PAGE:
Track Chimps & Other Primates in the Mahale Mountains on Lake Tanganyika
Day 1: Fly to Lake Tanganyika / Boat Transfer to Greystoke Mahale
Enjoy a scenic one-hour flight to far-western Tanzania, landing on an airstrip at the edge of Lake Tanganyika. Here you will board a dhow
, a traditional East African boat, which will convey you to Greystoke Mahale. The arrival at Greystoke has been described as among the most dramatic anywhere in Africa. The camp enjoys an isolated location on a pristine beach, tucked along the forest edge with the Mahale Mountains rising behind. Harmonizing with the natural environs, each open-fronted banda
has a splendid view of the lake, with an upper balcony for private relaxation.
Greystoke is your portal into Mahale Mountains National Park, one of Africa’s most remote and beautiful wildlife sanctuaries wholly inaccessible by road. Famous as the home of some of the world’s last remaining wild chimpanzees, the park’s terrain includes isolated beaches and lush mountain peaks on the eastern shore of Lake Tanganyika. This afternoon, relax in these serene surroundings, anticipating the delightful primate encounters to come.
Days 2–4: Chimpanzee Tracking in the Mahale Mountains
The sun rises late behind the mountains to the east, and you'll enjoy a leisurely breakfast while the scouts head into the forest first to locate the chimpanzees. From August to December the chimps are active on the lower slopes nearer to camp, while they move to higher elevations from January to July, following the fruits. Daily activities revolve around the chimps' location on the mountain, and sightings are possible year-round.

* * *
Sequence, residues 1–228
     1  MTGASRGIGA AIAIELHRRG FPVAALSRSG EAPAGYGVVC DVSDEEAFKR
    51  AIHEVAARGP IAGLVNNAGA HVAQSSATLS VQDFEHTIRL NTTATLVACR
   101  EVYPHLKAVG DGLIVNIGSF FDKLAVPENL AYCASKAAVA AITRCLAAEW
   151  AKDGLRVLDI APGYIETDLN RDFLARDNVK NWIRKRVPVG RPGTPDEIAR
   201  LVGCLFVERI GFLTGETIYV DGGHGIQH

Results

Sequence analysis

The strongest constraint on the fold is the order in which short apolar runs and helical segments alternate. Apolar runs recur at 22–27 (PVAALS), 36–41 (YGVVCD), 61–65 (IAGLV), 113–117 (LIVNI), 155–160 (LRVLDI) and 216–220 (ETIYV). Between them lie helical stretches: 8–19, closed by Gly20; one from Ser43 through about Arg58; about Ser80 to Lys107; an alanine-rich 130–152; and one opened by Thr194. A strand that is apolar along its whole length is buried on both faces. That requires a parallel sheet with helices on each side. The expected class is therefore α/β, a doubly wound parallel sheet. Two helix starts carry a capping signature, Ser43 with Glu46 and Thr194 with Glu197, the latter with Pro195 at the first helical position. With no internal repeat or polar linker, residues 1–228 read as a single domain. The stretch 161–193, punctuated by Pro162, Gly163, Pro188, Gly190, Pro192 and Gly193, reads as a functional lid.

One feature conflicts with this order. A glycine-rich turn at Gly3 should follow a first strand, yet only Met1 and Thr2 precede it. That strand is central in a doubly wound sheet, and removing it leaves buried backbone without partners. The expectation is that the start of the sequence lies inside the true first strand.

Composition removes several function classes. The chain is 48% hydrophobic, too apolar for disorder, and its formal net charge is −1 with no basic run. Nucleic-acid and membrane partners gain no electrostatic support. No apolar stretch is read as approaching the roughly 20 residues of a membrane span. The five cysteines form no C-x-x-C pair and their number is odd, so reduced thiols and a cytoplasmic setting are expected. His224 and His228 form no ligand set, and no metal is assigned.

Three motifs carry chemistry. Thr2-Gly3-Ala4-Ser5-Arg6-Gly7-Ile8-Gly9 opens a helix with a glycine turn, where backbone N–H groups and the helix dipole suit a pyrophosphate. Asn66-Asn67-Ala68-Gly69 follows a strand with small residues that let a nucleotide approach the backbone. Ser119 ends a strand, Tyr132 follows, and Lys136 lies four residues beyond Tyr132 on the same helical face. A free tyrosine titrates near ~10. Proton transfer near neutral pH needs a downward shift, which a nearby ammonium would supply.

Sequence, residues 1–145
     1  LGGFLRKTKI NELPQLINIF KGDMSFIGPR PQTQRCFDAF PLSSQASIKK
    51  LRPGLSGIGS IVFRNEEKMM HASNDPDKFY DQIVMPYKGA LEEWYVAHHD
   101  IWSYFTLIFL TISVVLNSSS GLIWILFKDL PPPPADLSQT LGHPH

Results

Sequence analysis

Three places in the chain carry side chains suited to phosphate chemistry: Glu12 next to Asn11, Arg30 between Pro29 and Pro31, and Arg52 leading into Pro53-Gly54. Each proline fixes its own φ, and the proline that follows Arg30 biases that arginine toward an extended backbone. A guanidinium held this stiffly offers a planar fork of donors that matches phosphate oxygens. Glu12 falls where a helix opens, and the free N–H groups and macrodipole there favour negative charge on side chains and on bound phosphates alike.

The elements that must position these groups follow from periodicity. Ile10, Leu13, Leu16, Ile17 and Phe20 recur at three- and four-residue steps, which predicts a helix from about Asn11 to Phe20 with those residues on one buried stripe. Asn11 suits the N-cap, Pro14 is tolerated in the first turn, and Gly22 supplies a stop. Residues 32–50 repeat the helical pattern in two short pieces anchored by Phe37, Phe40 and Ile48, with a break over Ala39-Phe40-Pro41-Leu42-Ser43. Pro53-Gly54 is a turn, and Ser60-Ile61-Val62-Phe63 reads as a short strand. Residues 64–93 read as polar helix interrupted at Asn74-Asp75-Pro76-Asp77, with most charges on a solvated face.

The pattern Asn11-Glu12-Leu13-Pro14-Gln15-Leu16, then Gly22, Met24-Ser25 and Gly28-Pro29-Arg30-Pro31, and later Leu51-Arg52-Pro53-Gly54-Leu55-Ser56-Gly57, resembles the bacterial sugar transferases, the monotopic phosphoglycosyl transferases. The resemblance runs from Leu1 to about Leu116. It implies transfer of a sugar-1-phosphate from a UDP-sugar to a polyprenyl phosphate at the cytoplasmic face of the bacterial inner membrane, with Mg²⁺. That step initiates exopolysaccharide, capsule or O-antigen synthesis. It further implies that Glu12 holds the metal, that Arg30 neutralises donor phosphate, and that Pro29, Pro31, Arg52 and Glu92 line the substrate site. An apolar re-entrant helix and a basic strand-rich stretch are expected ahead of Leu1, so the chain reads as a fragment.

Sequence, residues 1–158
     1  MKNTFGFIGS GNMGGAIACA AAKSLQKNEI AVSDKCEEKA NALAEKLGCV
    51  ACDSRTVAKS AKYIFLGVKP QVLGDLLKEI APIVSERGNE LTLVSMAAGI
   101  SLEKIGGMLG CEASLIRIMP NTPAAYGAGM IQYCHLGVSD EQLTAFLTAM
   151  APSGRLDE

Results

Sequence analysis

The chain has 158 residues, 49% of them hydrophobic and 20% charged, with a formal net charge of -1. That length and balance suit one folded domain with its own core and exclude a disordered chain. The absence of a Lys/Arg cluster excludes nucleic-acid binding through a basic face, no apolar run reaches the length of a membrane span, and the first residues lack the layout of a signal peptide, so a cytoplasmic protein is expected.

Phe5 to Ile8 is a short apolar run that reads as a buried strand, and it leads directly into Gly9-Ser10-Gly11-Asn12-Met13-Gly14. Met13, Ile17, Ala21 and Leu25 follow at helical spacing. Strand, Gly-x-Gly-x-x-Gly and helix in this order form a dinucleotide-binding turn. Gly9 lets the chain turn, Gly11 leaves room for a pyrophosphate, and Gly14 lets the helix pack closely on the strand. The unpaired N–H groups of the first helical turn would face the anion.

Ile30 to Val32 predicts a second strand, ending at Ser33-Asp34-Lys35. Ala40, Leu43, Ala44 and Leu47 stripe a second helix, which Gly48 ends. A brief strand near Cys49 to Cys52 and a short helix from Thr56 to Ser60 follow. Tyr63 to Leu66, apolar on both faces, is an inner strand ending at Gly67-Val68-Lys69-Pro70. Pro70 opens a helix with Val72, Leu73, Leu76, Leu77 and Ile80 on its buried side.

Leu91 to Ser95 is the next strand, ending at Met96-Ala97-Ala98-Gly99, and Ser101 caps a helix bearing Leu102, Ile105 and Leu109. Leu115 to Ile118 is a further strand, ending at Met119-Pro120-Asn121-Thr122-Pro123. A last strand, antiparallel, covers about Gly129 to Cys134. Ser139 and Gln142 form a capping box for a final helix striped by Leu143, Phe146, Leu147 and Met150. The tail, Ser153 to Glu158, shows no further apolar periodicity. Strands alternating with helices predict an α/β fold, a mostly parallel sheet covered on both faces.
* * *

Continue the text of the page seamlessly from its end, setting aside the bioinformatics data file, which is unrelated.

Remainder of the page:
As we hike into the forest to find them, you'll hear about the social behavior of the chimps from your expert guides. Greystoke's guides and scouts have spent much time in these forests, and their passion and knowledge are evident. A few of Mahale's significant population of wild chimpanzees have been habituated to human presence, and these are the individuals we seek. Once we reach them, we sit quietly in their natural environment, observing the subtleties of their relationships through gesture, sound
and expression as they care for their young, court favor, plot coups and play remarkably human-like games. And while the chimps command our attention, we may see other wildlife, too: the park is home to eight other primate species including red colobus monkeys, plus hippo, bushbuck, bush pig, warthog, leopard, brush-tailed porcupine, and a profusion of butterflies and birds—look for crowned eagle, scaly francolin, crested guinea fowl and Ross's turaco among them.
We return to camp for lunch each day, followed by afternoon open for a multitude of activities, or simply relaxing by the lake. Options include forest hikes (perhaps with a dip in a mountain waterfall?), swimming, kayaking, fishing, sailing and exploring Lake Tanganyika on a traditional dhow. As the sun sinks low across the lake, sip sundowners in the bar on the rocks at the end of the beach, then retreat to the thatched dining tent on the sand, where dinners are a highlight of your stay.
Day 5: Fly to Dar es Salaam / Depart
Board the dhow for the 90-minute return voyage to the airstrip, then fly to Dar es Salaam. Tanzania’s largest city is also its commercial capital and East Africa’s most important port. Founded as a fishing village in 1862 by a sultan from Zanzibar, Dar today reflects a succession of Arab, German, British and Indian influences coloring its native African heritage, evidenced in its historic buildings and multicultural flavor. Relax in a day room at our hotel before transferring to the airport for homeward flights after dinner this evening.